Networking can be incredible. Today there are so many ways to network even without having ever have met these people in person. LinkedIn is an incredible resource for networking and getting your name out there. Luckily, I had an extensive work history and quite a few contacts to reach out to. This doesn’t mean that it was easy, though. I had to do some things that were out of my comfort zone to get to where I needed to be. I had to reach out to past customers and use some sales techniques to find a need that needed to be filled.
Find Who is Searching for You
Once I found an employer, I then worked with that employer to create a work environment and title that worked for both my niche and my lifestyle. This ended up being consultative or freelance work. Basically, someone was looking for someone to get work done and I was looking for someone to pay me.
Easier Than You Think
Now this all may sound sort of cumbersome especially the aspect of becoming an independent contractor, but truth be told, any corporate job out there will be happy to hire an independent contractor. As long as you can take care of yourself, your insurance, and your finances, many companies will be more than thrilled to hire you as a contractor rather than a regular employee. It puts more risk on you than on them as the employer which is favorable in their eyes.
Contractor is Better
The opportunity as a contractor or consultant is the ability to make more money. Coming into a company as a contractor, the employer won’t be having to deal with settling for your benefits which means you probably can ask for a higher salary. The employer is much more worried about the product you are putting out than the raise in salary you are asking for.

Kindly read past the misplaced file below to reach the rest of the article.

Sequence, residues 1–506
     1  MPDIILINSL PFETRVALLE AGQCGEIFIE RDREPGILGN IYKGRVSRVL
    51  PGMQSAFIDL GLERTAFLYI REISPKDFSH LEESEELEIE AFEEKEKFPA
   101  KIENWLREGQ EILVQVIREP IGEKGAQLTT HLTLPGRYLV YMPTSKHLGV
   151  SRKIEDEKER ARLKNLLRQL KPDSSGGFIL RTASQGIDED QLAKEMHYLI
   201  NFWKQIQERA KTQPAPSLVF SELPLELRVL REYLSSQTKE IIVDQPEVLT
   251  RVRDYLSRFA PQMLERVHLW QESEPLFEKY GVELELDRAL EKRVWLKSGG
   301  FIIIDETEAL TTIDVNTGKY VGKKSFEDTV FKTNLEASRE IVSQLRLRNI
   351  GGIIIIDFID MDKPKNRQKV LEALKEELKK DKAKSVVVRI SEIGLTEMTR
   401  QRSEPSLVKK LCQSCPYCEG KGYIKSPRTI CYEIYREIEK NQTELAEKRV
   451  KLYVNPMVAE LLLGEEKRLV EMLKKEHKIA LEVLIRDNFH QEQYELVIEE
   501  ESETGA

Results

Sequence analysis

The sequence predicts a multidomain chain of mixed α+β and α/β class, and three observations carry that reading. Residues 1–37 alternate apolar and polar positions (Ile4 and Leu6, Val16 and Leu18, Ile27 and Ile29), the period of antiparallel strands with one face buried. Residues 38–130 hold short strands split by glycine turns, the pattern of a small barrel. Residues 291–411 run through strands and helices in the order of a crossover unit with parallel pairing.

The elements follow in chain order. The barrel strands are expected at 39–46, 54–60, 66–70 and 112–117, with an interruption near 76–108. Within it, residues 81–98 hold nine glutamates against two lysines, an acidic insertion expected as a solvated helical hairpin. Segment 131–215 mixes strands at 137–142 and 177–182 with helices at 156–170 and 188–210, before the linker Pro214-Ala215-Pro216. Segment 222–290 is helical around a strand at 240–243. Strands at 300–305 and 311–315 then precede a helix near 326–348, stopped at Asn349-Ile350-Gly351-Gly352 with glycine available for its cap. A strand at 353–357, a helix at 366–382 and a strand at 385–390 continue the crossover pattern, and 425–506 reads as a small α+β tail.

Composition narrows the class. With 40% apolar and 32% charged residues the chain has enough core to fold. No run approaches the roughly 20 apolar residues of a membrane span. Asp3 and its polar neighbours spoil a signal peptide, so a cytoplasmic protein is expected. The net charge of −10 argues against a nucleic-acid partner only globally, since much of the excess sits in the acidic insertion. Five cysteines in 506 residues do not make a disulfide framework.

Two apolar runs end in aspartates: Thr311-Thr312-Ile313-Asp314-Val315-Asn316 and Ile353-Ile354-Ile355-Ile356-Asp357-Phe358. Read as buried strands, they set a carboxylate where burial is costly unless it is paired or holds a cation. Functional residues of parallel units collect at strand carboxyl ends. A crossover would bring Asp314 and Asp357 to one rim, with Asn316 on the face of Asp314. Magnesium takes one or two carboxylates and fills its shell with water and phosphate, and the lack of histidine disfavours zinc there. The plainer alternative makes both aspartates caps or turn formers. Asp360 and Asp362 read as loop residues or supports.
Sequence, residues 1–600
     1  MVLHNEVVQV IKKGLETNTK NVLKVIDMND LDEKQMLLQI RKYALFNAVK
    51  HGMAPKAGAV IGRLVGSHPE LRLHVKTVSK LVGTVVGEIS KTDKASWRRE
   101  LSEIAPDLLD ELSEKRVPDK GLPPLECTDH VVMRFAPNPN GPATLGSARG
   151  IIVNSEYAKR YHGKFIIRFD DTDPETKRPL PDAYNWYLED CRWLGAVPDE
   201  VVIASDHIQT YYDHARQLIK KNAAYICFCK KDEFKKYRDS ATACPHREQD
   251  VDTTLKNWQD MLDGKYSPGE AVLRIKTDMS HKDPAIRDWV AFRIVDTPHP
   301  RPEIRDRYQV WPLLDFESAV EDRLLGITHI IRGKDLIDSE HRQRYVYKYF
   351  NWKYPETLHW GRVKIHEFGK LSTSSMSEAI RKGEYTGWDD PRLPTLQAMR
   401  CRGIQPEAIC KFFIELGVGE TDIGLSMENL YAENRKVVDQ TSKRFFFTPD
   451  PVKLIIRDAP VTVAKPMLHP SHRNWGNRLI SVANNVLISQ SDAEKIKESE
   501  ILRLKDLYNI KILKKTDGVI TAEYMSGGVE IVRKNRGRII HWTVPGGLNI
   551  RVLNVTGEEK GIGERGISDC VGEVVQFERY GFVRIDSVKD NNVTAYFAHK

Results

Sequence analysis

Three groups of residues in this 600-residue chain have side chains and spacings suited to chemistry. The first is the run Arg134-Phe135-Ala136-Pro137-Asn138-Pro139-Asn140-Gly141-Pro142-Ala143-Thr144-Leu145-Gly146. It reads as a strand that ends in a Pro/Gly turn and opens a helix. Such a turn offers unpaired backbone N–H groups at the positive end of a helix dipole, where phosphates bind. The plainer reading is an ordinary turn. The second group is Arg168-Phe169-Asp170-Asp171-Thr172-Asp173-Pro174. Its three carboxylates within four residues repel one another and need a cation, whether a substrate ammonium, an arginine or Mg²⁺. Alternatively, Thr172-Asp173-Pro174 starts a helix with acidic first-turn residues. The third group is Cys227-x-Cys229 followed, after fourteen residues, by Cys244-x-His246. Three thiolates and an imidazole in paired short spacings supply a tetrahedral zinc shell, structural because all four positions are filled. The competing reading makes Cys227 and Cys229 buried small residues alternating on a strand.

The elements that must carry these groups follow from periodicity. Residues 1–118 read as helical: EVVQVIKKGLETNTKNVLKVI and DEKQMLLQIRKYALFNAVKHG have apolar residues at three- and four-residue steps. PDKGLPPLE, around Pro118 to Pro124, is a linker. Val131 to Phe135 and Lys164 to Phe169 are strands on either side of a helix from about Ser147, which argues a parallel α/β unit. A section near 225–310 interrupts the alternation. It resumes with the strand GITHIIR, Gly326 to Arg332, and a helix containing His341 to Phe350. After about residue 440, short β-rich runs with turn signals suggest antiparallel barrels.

This, of course, is all contingent upon your contract. What we suggest as a business model is that you don’t want to end up trading time for money. A popular way to promote this is by being project-based. There is a project that needs to be done, a beginning and an end, and metrics that needed to be covered in between. I went into my clients and said, “You don’t care how much time I put into this project, you just need it to get done.” I didn’t want to spend the time tracking my hours and I knew I would get paid way more for the value of the project completed rather than the time it took.
If your employer is more worried about the time you put into something or the hours you work rather than the quality of the work being done, it may be time to evaluate your client.
How Much We Talkin’?